From Paralysis to Parenthood: Survivors Can't Conceive of a Life Without Children
By Susan Christensen
Health and Research News Service
As a 15-year-old facing a lifetime in a wheelchair, Tammy Voynik couldn’t help but have fears for her future. But at least one big worry was put to rest when her big sister shared some very welcome news. “She told me that the doctors said I could still have children someday. That was important to me. I always knew I wanted to have kids.”
Sixteen years later, the Brandon lawyer got her wish. Son Joseph Edward Voynik was born on May 16, 2001. And he’s one child who can definitely say he was “planned.” Before Voynik and husband Eddie decided to conceive, the vice president of legal affairs for Methodist Rehabilitation Center in Jackson researched the topic like she was prepping for a pivotal court case.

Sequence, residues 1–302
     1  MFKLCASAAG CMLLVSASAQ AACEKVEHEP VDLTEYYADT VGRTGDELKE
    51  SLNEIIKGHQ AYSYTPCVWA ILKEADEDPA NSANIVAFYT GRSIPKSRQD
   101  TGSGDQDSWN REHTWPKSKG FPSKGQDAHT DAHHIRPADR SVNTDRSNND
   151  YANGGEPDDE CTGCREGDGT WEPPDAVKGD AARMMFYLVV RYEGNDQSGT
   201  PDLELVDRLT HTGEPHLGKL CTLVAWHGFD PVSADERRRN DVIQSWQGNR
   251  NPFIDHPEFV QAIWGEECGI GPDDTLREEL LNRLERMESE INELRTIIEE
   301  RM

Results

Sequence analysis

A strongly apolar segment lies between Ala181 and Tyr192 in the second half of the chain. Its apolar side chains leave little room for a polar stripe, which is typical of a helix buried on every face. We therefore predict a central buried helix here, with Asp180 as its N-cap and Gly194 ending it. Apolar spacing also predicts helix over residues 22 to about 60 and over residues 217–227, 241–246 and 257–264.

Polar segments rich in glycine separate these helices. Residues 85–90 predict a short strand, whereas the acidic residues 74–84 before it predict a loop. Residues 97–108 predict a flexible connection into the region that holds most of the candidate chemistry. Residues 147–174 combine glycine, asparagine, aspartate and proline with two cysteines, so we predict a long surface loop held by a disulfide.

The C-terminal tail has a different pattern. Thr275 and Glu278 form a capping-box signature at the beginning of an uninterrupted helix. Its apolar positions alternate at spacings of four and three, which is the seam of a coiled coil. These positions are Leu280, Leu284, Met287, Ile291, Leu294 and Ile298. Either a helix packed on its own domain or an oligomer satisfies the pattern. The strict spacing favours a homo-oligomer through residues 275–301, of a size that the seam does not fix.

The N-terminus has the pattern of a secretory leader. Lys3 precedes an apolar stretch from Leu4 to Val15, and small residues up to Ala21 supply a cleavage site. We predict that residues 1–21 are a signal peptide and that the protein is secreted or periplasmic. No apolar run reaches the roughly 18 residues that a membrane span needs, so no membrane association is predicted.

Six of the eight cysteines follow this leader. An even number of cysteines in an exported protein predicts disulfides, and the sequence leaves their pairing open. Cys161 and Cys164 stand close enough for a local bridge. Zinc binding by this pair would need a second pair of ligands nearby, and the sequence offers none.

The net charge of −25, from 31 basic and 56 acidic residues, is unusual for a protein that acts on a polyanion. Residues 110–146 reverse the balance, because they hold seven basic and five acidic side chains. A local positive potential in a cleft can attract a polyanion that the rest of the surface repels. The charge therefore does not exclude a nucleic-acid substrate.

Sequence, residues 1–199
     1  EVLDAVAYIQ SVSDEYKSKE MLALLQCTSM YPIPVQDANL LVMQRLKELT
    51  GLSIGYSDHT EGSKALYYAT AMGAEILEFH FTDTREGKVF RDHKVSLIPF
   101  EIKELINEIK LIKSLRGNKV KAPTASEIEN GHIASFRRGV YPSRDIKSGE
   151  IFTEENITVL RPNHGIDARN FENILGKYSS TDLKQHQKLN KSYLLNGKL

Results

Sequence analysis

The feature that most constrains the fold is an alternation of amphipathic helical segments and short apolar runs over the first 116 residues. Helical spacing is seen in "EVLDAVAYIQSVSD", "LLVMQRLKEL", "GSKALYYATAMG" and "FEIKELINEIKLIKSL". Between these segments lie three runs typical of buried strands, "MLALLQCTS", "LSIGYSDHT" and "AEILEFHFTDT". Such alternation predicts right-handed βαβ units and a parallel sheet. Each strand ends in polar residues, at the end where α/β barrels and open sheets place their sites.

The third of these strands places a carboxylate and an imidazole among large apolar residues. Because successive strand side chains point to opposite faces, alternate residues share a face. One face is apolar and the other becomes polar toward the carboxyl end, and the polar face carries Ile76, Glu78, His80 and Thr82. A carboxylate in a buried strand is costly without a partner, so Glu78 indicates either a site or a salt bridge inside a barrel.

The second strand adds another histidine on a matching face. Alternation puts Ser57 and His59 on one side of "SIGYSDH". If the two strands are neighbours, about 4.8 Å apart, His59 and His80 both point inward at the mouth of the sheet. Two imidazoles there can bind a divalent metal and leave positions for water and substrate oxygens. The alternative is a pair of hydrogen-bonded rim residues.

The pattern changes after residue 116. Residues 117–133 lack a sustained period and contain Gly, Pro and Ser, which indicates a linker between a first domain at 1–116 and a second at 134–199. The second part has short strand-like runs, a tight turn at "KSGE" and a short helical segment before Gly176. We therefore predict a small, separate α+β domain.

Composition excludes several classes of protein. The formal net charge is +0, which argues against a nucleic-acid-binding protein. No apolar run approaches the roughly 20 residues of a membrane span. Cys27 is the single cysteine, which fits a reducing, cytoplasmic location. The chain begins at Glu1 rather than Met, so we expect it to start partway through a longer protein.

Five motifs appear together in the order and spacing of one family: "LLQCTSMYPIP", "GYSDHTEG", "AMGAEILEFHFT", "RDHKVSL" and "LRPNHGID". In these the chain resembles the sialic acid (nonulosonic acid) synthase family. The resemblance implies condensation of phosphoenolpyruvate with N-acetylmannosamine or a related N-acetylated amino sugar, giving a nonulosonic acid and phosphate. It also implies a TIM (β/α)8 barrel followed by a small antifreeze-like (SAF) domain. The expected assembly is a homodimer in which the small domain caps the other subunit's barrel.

“I went to the doctor with a big red envelope with my name on it and said: ‘Here’s your information.’ He told me he had never had a patient bring him research before. I even got down to the type of anesthesia you need.” Voynik learned that while pregnancy complications often depend on a woman’s level of spinal cord injury (SCI), most are at risk for a variety of complications . The most common include urinary tract infections (UTIs), blood clots, skin deterioration and a sometimes life-threatening condition known as autonomic dysreflexia. Balance also can be compromised by the extra weight of the baby, so pregnant women with spinal cord injuries have to be especially careful not to fall when transferring in and out of their wheelchairs. Voynik’s doctor treated her UTIs with ongoing antibiotic therapy, and she managed to avoid the other complications. She stayed worried, though, that she might go into labor and not know it.